Minister of Agriculture, Irrigation and Water Development Allan Chiyembekeza has warned seed companies to find other means of sustaining their business because government finds the seed subsidy expensive to maintain.
Chiyembekeza said this in his statement during the official opening of the first Seed Trade Association of Malawi (Stam) congress and exposition in Lilongwe on Thursday.
His remarks comes against the background of government making a U-turn on an earlier decision to scrape the maize seed component from the Farm Input Subsidy Programme (Fisp).
Minister of Finance, Economic Planning and Development Goodall Gondwe told The Nation earlier this week his ministry is raising K9 billion ($16,363,636) for the maize seed component through adjustment of allocations within the budget.
Seed companies grew cold feet after the decision by government to scrap off the seed component in Fisp.
Said Chiyembekeza: “I would like to challenge the private sector to do more in creating a vibrant and sustainable seed system and market in Malawi. Government will be there to support your initiatives, but not just through Fisp. This is the time to start exploring other alternative markets as this is the only way to sustain the existence and growth of the private sector.”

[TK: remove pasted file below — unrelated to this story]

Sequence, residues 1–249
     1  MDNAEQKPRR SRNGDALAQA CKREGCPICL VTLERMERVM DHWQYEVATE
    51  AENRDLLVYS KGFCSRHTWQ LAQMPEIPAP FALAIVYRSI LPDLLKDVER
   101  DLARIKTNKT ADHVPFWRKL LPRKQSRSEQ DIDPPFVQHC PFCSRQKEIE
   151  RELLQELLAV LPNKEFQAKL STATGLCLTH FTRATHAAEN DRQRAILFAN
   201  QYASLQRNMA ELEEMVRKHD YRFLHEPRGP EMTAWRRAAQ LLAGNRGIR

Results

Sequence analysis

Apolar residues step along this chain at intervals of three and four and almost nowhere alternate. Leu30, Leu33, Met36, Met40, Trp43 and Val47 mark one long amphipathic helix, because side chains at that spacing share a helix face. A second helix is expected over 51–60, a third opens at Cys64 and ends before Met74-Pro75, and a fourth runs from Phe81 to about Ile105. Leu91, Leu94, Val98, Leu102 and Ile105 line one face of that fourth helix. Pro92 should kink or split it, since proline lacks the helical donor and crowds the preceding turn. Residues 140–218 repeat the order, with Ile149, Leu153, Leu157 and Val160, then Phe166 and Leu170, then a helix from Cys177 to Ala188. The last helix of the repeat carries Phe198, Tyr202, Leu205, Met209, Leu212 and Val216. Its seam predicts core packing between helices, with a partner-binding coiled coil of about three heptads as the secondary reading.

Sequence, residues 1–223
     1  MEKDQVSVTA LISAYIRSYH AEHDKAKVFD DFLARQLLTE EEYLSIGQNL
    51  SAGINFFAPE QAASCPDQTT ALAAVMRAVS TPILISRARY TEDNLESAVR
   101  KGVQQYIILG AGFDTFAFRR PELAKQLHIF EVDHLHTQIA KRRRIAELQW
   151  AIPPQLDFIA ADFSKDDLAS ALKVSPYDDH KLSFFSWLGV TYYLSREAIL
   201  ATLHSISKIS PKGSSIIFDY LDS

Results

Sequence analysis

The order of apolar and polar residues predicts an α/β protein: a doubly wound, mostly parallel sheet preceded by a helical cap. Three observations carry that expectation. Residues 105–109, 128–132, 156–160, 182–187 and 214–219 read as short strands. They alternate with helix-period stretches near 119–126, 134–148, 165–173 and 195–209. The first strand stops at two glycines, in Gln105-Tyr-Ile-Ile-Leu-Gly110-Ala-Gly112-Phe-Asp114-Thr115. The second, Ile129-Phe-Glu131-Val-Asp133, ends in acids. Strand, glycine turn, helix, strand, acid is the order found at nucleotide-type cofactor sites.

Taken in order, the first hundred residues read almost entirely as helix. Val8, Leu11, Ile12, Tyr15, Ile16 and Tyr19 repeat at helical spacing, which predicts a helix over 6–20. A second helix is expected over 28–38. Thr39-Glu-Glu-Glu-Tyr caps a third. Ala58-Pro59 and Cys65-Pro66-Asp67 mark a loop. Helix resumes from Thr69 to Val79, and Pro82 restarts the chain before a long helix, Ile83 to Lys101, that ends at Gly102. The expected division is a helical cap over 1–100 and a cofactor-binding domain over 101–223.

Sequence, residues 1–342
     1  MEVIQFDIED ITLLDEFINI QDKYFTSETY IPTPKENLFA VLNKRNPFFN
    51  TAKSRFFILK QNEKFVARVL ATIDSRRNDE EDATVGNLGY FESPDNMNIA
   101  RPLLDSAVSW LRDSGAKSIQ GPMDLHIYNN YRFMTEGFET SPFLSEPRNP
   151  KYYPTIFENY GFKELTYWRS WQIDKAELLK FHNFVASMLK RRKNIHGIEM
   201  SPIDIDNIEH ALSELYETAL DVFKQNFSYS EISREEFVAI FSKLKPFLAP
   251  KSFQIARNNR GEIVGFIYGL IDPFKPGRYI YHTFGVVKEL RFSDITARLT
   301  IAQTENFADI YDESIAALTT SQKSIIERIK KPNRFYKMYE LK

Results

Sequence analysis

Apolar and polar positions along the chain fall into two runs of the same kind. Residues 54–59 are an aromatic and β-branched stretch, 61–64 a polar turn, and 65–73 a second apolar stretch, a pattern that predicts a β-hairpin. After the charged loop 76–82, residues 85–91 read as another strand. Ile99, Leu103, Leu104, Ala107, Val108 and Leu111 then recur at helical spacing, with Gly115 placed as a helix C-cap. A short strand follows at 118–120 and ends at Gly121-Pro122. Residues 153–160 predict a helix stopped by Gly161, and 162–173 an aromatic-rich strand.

About 80 percent of the seed produced by seed companies is bought under Fisp. The seed is later sold to smallholder farmers through a chain of agro-dealers across the country.
Chiyembekeza said the decision by donors not to fund the seed component prompted government to scrap it off.
Stam board chairperson John Lungu hailed President Peter Mutharika for initiating the review of allocations to include maize seed component in Fisp.
He assured the minister that Stam will get rid of all unscrupulous agro dealers.
Said Lungu: “This exposition is an awareness creation on the importance of using certified seed. Currently, the adoption rate is somewhere at 45 percent and we can do better. Smallholder farmers need to know the importance of using improved technologies for maximum production and that is why we cannot afford agro dealers to mess this up.”
Meanwhile, Chiyembekeza has admitted there is slow progress in the distribution of Fisp as it only started last week.
He said: “We have started this programme a bit late, but there was literally nothing that government or my ministry could have done because we had to make sure that we have all the resources for the programme to continue but currently the distribution is underway.”
There are 1.5 million beneficiaries under Fisp. n